Twelve months ago, 2021 was named the year of ‘The Great Dislocation’ (retrospective below). Demand had picked up, supply was in disarray, inflation was starting to rise beyond comfort, and monetary policy was out of sync. No economist in the world could draw an LM-IS chart without risking ridicule. But there was a sense that, somehow, 2022 would allow for a return to normal, pre-pandemic dynamics.
It did not. Worse, 2022 has compounded all the challenges that emerged on the back of the health crisis. It has had the impact of a powerful punch ‘Kill Bill’s Pai Mei would have been proud of. The blow struck the world economy before it could recover from COVID and exposed all the structural vulnerabilities of the prevailing operating system related to energy, food, and defense. The presumed secured base of Maslow’s pyramid has been under intense assault.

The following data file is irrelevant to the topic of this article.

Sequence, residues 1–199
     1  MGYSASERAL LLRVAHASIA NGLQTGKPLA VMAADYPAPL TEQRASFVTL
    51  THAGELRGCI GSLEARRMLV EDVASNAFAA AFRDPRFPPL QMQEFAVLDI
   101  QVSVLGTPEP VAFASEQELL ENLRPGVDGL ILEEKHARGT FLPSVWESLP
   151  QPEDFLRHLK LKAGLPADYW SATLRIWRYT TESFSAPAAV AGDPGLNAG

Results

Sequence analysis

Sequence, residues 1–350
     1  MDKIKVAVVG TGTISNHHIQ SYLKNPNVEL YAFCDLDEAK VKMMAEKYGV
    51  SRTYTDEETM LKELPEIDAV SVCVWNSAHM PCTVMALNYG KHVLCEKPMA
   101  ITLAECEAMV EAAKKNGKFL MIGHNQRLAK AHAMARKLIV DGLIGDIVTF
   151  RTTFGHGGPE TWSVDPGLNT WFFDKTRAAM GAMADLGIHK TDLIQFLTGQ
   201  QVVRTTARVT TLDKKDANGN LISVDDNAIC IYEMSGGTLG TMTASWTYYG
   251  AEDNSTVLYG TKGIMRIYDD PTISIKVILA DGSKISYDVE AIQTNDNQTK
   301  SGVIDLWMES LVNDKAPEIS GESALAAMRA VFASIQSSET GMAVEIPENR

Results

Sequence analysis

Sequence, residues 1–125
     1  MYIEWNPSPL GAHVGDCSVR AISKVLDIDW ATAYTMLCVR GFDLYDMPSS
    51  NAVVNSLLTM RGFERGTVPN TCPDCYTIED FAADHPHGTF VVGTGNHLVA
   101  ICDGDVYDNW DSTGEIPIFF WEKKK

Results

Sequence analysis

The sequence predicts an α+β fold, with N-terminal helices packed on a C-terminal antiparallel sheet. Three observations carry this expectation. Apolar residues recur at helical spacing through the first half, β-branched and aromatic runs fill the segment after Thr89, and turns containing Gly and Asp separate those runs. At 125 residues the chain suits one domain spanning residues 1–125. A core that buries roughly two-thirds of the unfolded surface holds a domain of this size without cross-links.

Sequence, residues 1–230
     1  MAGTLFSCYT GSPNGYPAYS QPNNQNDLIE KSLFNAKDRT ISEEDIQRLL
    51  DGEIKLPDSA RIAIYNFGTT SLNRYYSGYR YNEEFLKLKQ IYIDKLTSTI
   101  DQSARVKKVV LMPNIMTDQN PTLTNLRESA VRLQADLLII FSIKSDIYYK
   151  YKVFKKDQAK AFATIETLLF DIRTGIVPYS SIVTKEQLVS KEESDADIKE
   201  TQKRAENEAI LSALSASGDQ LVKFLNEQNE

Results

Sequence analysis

Even the concept of sustainability has been under attack by those arguing it is not… sustainable. If sustainability is used as an argument against unsustainability and unsustainability is used as an argument against sustainability, it proves one thing: everything revolves around sustainability. The rest is semantics.
There is a much-welcome year-end break ahead, but as ‘Kill Bill’s Beatrix Kiddo (played by Uma Thurman) reminded Bill (David Carradine) ahead of one Tarantino’s best movie scenes, ‘you and I have unfinished business.’
2022 in Perspective
2009 – The Great Recession (MSCI index for global equities +27% after a terrible ‘08)
2010 – The BRIC Hope (+10%)
2011 – The European Meltdown (-8%)
2012 – The ‘Whatever-It-Takes’ Moment (+13%)
2013 – The Hypocenter of the ‘Lower For Longer’ Syndrome (+24%)
2014 – The Oil Price Crash (+3%)
2015 – The (Nitro) China Wobbles (-3%)
2016 – The Industrial Recession (+5%)
2017 – The Global Synchronized Recovery (+20%)
2018 – The Geopolitical Attack On Economics (-11%)
2019 – The Wager on Sustainability (+25%)
2020 – The Advent of Virtuality (+14%)
2021 – The Great Dislocation (+20%)
2022 – The Punch (-14% YTD)